e-mail me at billdeg@umich.edu


Hating on Studio 60

One of my favorite distractions, I mean websites, avclub.com, has turned bashing Studio 60 on the Sunset Strip into a zen art form. Their latest critique makes some valid points but I still do not get the level of vitriol toward this well-meaning program. Directed and largely written by Aaron Sorkin of West Wing fame, the program followed the exploits of the producers, writers, and stars of a fictionalized version of Saturday Night Live.

Sorkin turned liberal presidential staffers into minor deities in West Wing and he attempts to do the same thing to comedians in Studio 60. Writing an amusing sketch doesn't quite have the same gravitas as running a country, though, so I can see why many didn't find the latter program compelling. The Studio 60 characters were unapologetically leftists and at times sanctimonious. Think Alan Alda on MASH. I saw the show as a kind of an extension of West Wing and--on both shows--found the larger-than-life intelligence and work ethic that the characters projected to be inspired. I love being a writer and teacher but I don't have the hyperbolic dedication of the fictional characters in Sorkin's universes. His shows are pastiches of dedication, every character a walking hyperbole, many of them voicing Sorkin's political views as they walk!

So I can see the somehwat limited appeal. AV Club's latest critique raises the question of why the show's critics are so vocal even four years after its cancellation (it's one of those one-season wonders, premiering the same season as the similarly premised/titled 30 Rock, which has a totally different tone), but the piece doesn't do much to answer that question. Instead, it reviews all that is problematic about the show:
In premise and execution, Studio 60 was a work of unbearable, overweening arrogance. It began with making the lead character of Matt Albie both a clear Sorkin surrogate and a writer so ridiculously romanticized even M. Night Shyamalan might say, “Get over yourself, dude. You’re a fucking writer, not Jesus’ younger brother, the one God really likes.” Albie isn’t just a principled, gifted writer; he’s a man who gets out of bed every morning aching to making a stand. He’s admired by men and irresistible to women who run the gamut from a Maureen Dowd surrogate played by Christine Lahti to the high-end skanks of the Rockettes. Even with a head full of bad chemicals and a belly full of pills, he’s able to single-handedly write a peerless work of transcendent social and political satire everyone in the known universe will be talking about around the water cooler Monday morning. Writing 90 minutes of new comedy every week is a Herculean endeavor for even the most gifted writing staff; now imagine 90 minutes of brilliant comedy emerging anew weekly from the mind of but a single man! On pills, even! And with the kind of problems you would not believe! As I write this, I realize that that this is not a man I’m writing about. This is a God. Oh sure, this man-God has an ego. Wouldn’t you?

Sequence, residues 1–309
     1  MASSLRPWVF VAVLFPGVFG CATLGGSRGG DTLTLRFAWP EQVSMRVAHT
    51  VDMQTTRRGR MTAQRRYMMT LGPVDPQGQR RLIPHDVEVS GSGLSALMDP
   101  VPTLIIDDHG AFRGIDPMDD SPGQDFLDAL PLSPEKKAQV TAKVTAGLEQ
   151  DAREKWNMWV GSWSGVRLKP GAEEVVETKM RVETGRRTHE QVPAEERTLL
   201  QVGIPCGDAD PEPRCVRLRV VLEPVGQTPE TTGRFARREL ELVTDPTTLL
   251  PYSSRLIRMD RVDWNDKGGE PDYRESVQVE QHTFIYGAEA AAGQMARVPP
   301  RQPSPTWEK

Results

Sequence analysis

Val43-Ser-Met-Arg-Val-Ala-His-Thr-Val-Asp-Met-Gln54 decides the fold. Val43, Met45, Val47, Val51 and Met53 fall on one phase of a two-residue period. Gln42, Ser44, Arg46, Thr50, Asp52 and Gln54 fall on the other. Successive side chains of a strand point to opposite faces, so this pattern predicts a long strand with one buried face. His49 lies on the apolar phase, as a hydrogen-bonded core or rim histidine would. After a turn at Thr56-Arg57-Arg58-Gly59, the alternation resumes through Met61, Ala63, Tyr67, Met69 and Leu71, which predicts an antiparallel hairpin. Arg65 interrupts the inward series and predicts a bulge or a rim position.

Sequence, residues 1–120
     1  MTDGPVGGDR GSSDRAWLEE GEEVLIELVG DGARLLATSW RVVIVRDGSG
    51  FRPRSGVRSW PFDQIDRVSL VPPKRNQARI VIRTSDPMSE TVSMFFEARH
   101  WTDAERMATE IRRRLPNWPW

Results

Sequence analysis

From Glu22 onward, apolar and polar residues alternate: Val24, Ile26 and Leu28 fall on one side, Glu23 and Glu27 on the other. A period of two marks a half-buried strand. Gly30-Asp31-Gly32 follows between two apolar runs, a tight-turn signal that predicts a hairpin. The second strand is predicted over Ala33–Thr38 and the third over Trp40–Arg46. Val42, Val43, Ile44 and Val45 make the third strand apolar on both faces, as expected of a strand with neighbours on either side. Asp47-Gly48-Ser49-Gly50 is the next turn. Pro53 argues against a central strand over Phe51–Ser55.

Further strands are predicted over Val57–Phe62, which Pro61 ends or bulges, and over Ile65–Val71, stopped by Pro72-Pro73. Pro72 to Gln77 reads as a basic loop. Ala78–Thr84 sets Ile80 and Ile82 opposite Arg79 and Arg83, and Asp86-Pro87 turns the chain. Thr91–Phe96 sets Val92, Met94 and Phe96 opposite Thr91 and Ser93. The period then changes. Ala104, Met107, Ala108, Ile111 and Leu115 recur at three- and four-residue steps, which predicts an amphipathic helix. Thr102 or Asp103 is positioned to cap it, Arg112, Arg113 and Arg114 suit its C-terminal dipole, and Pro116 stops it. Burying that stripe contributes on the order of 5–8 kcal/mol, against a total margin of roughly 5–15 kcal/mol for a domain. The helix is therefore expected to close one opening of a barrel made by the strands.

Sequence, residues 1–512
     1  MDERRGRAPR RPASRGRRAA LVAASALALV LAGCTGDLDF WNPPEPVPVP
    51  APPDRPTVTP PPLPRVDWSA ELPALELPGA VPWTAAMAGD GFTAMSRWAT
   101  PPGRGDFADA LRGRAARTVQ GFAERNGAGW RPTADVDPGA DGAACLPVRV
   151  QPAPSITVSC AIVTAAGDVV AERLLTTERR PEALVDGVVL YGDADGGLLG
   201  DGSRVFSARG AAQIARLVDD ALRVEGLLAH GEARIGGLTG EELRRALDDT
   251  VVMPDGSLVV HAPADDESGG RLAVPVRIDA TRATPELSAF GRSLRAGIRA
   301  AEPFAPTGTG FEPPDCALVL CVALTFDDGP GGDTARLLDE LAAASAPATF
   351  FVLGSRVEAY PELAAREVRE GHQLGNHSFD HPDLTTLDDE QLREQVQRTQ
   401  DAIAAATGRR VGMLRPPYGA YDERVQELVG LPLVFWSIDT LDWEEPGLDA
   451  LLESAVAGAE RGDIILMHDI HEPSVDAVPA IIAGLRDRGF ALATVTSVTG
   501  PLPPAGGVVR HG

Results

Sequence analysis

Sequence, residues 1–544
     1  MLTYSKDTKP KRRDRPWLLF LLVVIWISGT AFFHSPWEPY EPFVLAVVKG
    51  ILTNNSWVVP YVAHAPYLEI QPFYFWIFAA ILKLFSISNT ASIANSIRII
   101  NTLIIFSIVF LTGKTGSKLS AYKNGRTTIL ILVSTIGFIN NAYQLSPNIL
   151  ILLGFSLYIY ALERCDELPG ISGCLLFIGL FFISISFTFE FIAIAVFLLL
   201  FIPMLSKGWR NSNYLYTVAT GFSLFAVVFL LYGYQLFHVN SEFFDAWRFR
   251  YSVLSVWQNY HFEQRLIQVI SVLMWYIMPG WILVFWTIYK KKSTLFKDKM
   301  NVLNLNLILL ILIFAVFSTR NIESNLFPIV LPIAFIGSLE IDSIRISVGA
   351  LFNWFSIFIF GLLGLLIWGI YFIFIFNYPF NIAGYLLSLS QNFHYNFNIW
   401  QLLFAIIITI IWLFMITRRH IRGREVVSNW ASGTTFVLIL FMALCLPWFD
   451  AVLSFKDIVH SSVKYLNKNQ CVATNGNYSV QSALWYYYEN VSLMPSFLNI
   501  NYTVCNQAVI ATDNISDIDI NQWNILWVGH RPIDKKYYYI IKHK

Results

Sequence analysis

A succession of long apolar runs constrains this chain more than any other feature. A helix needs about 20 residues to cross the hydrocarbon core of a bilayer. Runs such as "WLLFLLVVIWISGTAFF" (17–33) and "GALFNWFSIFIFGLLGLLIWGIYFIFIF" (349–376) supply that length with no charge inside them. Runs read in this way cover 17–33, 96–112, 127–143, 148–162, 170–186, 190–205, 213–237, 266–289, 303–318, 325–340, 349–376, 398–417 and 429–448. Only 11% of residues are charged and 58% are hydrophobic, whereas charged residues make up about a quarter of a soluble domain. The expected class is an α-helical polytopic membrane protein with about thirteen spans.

The piece goes on to call out the show's self-congratulatory tone, its failure to live up to the promise of its brilliant pilot (in which a producer of the show goes rogue during a live broadcast and rants about the dumbing down of pop culture), its caricatures of conservative Christians, preachy dialogue, its failure to live up the "show don't tell" dictum, and its mishandling of race and war and 9/11. Quite a list of critiques. And, frankly, I can't refute most of these. Because even moreso than West Wing (often called "porn for liberals"), Studio 60 offered a fantastical, affective viewing experience for members of the left. The stakes were comically (so to speak) high for these characters because they just believe so strongly in their worldview (secular, progressive, civil libertarian, humanistic, etc.) and, yes, the dialogue verged on propaganda because these characters did not exist divorced from their own ideologies. I also love the way both Sorkin shows dealt with the writing process. Here are a great set of representations who recognize what good writing can do.

So anyway, I still don't get the level of vitriol, which doesn't come from conservative blogs, etc., which I imagine could care less about a failed tv program from 2006-2007. It comes from pop culture obsessives like AV Club writers. I suppose in part they want pop culture to be better: I love, therefore I criticize. But why the historical memory regarding Studio 60? Even with all the problematic aspects of the show, I'd expect indifference from non-fans, not hatred.